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Plasma Citrulline Concentration in Tropical Enteropathy

This study has been completed.
Sponsor:
Information provided by:
Azienda Ospedaliero-Universitaria di Parma
ClinicalTrials.gov Identifier:
NCT00816842
First received: January 2, 2009
Last updated: NA
Last verified: January 2009
History: No changes posted

January 2, 2009
January 2, 2009
October 1998
May 2008   (final data collection date for primary outcome measure)
postabsorptive plasma citrulline concentration [ Time Frame: within two years since enrolment date ] [ Designated as safety issue: No ]
Same as current
No Changes Posted
intestinal permeability ratio [ Time Frame: within two years since enrolment date ] [ Designated as safety issue: No ]
Same as current
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Plasma Citrulline Concentration in Tropical Enteropathy
Plasma Citrulline as Quantitative Biomarker of HIV Associate Villous Atrophy in a Tropical Enteropathy Population

Citrulline is an amino acid produced in the intestine and in the liver, but the liver does not contribute significantly to circulating citrulline concentrations. The intestine is thus the only organ that normally releases significant amounts of citrulline into the blood stream. The investigators have designed a study looking at the value of measuring plasma citrulline concentration in patients with tropical enteropathy of mixed HIV status. The focus will be on the ability of the intestine to sustain the individual concerned from a nutritional standpoint. The investigators hypothesise that plasma citrulline concentration is a marker of small bowel absorptive integrity and an appropriate surrogate for HIV related enteropathy.

Preliminary studies reported that plasma citrulline concentrations may be a reliable biochemical marker for intestinal dysfunction and absorptive enterocyte mass. The relationship between citrulline concentration and intestinal function has been supported in other studies including those examining rejection in small bowel allografts. Concentrations of citrulline are dramatically reduced in cases of mucosal damage (e.g. moderate graft rejection or viral enteritis)and strongly correlate (inversely) with severity on biopsy. Plasma citrulline concentration is lower also in patients with villous atrophy (24±13µmol/L)than in healthy subjects (40±10µmol/L)and patients with anorexia nervosa (39±9µmol/L).Experimental studies have been carried out also in assessing the value of citrulline as a marker for severity of small bowel epithelial damage from radiation and viral infections. The plasma citrulline was shown to be a simple, non invasive and sensitive essay to monitor and quantify radiation and/or chemotherapy induced small bowel damage in mice and humans. Otherwise, the literature on citrulline as a potential marker of intestinal and nutritional integrity is young and consistent data for specific conditions as for HIV enteropathy are missing.We hypothesise that plasma citrulline concentration is a marker of small bowel absorptive integrity and an appropriate surrogate for HIV related enteropathy.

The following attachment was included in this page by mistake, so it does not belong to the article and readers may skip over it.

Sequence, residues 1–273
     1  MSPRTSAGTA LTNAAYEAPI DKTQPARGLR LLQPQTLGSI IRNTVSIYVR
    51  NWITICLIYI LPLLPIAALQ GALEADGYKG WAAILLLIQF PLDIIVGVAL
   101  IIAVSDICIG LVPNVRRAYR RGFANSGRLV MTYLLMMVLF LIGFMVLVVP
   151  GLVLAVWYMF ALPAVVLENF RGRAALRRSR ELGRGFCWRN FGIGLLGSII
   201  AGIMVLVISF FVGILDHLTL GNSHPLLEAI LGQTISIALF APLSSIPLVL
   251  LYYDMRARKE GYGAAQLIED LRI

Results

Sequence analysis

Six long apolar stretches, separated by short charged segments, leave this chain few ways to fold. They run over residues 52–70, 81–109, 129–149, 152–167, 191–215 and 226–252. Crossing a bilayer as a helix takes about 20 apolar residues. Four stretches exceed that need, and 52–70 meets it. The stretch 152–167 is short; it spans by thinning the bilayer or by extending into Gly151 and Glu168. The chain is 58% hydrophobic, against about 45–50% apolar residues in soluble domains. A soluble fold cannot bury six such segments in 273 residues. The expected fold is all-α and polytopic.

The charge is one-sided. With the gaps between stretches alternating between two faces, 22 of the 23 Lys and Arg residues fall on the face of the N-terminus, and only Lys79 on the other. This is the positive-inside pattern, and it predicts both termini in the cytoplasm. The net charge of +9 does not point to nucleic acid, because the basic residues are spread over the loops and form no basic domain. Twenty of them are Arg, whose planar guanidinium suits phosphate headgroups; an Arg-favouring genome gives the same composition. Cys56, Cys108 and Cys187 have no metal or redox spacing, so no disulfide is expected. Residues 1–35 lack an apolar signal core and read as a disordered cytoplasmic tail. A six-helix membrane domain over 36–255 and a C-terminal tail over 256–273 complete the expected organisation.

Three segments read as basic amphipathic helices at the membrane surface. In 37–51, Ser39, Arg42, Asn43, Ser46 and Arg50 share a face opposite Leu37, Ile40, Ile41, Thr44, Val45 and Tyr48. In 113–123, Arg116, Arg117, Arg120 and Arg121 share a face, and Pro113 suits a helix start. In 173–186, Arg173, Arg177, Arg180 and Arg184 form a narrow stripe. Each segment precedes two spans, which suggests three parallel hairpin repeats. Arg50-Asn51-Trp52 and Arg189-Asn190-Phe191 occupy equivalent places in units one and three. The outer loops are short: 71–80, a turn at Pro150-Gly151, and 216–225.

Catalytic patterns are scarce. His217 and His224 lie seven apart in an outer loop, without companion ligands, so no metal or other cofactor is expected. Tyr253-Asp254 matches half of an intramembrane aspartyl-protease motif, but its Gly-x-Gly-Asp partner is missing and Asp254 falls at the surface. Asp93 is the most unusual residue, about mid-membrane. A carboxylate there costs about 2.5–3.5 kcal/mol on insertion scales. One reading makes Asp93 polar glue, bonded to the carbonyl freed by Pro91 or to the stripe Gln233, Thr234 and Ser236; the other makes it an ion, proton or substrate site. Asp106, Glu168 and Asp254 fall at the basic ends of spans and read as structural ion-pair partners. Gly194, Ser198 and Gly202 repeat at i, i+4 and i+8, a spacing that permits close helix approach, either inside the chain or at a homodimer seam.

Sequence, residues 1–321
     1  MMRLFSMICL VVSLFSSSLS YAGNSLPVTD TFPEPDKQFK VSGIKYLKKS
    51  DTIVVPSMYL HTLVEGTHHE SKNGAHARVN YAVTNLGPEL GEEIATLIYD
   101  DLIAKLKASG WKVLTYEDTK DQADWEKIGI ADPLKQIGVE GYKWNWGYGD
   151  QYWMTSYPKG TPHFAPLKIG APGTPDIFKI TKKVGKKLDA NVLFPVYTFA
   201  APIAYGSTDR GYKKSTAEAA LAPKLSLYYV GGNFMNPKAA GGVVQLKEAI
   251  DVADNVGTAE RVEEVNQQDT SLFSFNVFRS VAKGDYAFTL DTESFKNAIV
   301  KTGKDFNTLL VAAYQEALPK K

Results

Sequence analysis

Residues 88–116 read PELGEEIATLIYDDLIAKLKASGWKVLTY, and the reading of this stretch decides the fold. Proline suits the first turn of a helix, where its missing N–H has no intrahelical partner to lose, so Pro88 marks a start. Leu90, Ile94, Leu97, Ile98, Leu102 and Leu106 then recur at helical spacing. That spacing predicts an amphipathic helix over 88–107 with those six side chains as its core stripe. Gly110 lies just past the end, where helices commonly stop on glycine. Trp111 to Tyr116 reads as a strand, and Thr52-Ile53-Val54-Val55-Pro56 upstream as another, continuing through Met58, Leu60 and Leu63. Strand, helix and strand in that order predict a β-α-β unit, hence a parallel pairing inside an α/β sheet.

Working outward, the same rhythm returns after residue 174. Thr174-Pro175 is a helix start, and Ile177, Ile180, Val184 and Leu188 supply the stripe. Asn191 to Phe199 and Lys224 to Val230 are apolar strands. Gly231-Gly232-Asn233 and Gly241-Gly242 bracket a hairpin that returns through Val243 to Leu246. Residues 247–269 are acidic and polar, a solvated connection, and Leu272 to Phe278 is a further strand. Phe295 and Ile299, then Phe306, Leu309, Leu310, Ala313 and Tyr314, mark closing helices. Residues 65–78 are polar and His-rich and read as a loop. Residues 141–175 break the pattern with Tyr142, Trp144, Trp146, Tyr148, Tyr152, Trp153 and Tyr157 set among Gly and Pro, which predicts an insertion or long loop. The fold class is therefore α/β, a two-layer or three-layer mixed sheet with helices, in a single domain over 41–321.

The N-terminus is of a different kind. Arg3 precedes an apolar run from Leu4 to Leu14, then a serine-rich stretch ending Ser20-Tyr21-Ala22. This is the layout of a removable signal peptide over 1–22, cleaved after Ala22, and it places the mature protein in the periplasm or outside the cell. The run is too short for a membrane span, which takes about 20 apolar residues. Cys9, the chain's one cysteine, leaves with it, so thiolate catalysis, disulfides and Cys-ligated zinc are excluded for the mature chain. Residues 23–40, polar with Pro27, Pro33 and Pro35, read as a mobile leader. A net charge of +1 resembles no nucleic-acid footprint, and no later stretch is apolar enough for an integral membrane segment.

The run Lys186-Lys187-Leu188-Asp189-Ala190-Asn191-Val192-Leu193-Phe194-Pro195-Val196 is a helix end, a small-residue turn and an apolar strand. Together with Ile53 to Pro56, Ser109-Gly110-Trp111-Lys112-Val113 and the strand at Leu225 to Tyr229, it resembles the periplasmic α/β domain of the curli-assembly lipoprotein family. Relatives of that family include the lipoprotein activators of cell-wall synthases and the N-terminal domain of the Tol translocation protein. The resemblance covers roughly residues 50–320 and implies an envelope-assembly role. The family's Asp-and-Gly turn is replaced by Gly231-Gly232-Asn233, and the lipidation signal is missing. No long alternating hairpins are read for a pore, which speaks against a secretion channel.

Observational
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Non-Probability Sample

Tropical enteropathy with mixed HIV status

  • Malabsorption Syndromes
  • Granulomatous Enteritis
  • Enteritis
  • HIV Enteropathy
  • Ileal Diseases
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*   Includes publications given by the data provider as well as publications identified by ClinicalTrials.gov Identifier (NCT Number) in Medline.
 
Completed
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September 2008
May 2008   (final data collection date for primary outcome measure)

Inclusion Criteria:

  • histologically ascertained Tropical enteropathy
  • Mixed HIV status
  • Body mass index within normal range

Exclusion Criteria:

  • Patients with surgical resection of stomach, duodenum or pancreas; or (UGI) bypass.
  • Patients with other important disease, which may interfere with the study (especially diabetes and renal impairment). Alcoholism, drug abuse or any other circumstances, which may compromise the patient's ability to comply with the study requirements.
  • Pregnancy
  • Patients experiencing diarrhoea within one month since enrolment date
  • Use of glucagon-like peptide 2 (GLP2), growth hormone (GH) or glutamine or triglycerides
  • Coeliac Disease, Crohn's disease or infectious intestinal disease
  • Patients on steroids or FANS
  • Oral feeding>1.0-fold the estimated basal metabolic rate as assessed using Harris and Benedict equation
Both
18 Years to 80 Years
No
Contact information is only displayed when the study is recruiting subjects
Zambia
 
NCT00816842
EC3184, Prot 84 24/01/06
Not Provided
Cinzia Papadia, Azienda Ospedaliera Universitaria di Parma
Azienda Ospedaliero-Universitaria di Parma
Not Provided
Principal Investigator: Cinzia Papadia, MD Azienda Ospedaliero-Universitaria di Parma
Study Chair: Alastair Forbes, BSc MD FRCP ILTM University College London Hospitals
Study Director: Antonio Di Sabatino, MD University of Pavia
Azienda Ospedaliero-Universitaria di Parma
January 2009

ICMJE     Data element required by the International Committee of Medical Journal Editors and the World Health Organization ICTRP